Fewer forms to complete and less time spent in the
The location of the visit
How to prepare for a first visit or test
Patients can prepare for the visit before they arrive.
What to bring
Fewer rescheduled tests because of unprepared
Request appointments, refills or callbacks at any
Customized forms allow patients to input any sort
Questions are answered without having to wait for
Appointment, refill or call back requests
the doctor's office to call back.
Reduced time in the waiting room because forms are
filled out in advance, according to the patient's
Daily health monitoring
schedule in the privacy of his/her or her own home.
Eliminate unnecessary screening visits with medical
Greater access to facts about the practice and the
The patient can view:
Patients learn about the practice on their own
Interactive maps and directions
Directions are easily accessed and printed for use at
Frequently asked questions
the time of travel.
Patients are made aware of topics or events that they
might not have without this type of access.
Questions are answered without having to call the
3) The Practice View
The “Practice View” includes, but need not be limited to, management of targeted broadcast notices, handling of appointment requests, handling of prescription refill requests, patient demographics, patient medical histories, patient self-care tracking and usage statistics. As detailed in TABLE 2, the Practice View allows the doctor and/or his/her staff to receive information from and send responses and related information back to the patient. However, the features provided in TABLE 2 are intended only to be exemplary, and the invention need not be in any way limited. Standard functions include targeted broadcast notices, requests for appointments, prescriptions and call-backs, or completed patient demographic, medical history or compliance forms. By using the ePPi system, the practice benefits from fewer interruptions and more complete and accurate patient information. The ePPi system employs secure certificates technology to ensure that administrative functions within the Practice View can only be accessed by authorized staff from secure workstations.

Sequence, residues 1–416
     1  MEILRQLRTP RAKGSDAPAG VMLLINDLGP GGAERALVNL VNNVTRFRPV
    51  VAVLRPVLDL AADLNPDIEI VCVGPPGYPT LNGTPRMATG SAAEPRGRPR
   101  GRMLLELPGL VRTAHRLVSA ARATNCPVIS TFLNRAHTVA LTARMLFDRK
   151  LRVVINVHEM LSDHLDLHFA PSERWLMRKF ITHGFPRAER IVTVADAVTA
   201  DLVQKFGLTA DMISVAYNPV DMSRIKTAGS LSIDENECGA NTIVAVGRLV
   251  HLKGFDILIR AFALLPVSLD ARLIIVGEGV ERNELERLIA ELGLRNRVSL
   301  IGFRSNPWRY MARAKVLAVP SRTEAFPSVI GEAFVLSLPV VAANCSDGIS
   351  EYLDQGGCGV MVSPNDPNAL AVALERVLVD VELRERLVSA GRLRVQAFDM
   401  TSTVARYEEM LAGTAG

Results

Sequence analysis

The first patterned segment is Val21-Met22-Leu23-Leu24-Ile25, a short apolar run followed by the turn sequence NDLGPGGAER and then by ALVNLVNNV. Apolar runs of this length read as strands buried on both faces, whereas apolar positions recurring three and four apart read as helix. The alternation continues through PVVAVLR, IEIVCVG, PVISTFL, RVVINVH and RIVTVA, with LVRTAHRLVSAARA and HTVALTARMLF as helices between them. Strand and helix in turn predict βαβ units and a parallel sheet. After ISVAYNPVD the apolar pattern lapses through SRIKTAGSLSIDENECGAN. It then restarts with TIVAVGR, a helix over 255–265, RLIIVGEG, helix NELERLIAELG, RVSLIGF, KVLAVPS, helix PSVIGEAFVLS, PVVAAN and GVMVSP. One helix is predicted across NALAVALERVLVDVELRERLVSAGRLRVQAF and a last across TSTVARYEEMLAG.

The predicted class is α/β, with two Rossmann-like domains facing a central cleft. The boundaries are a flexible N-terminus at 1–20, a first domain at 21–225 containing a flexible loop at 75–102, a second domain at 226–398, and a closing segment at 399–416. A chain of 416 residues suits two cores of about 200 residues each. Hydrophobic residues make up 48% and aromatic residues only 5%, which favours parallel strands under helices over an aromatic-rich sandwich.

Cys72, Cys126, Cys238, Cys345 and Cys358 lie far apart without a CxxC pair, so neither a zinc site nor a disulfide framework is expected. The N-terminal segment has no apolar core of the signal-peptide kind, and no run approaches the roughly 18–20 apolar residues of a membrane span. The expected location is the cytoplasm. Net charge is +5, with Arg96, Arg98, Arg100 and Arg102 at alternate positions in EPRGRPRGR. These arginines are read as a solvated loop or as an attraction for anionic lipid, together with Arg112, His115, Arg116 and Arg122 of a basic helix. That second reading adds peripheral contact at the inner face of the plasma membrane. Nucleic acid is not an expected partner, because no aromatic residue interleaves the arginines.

Detailed features and benefits from the Practice View.
The practice can generate, filter and send health
Patients have increased awareness of healthcare
notices to subsets or all of their patient
issues of personal significance.
Patients are more adherent to advice/instructions
Notices are filtered and personalized based on the
provided by the doctor.
patient's age, gender, and/or interests.
Appointments & Callbacks
Presents the practice with patient requests for
Reactive work is turned into managed workload
appointments, prescription refills, callbacks, etc. On-
E-mail replies can be sent without having to
line requests allow the practice to manage workflows
“reach” the patient.
more efficiently. Requests can be:
Reduced time on patient follow up.
Routed directly to the designated practice
Significant reduction in incoming and outgoing
Sorted by urgency, availability etc.
Printed for Medical record filing
Health Maintenance Forms
Data from electronic forms received from patients can
Patient information is packaged and delivered
be used to avoid screening visits and track patients'
more completely and accurately as a result of
progress. Data can be:
Improved patient compliance with self-care
Fewer unnecessary visits
Reports are provided to the practice on patient
Statistics received can be used to optimize services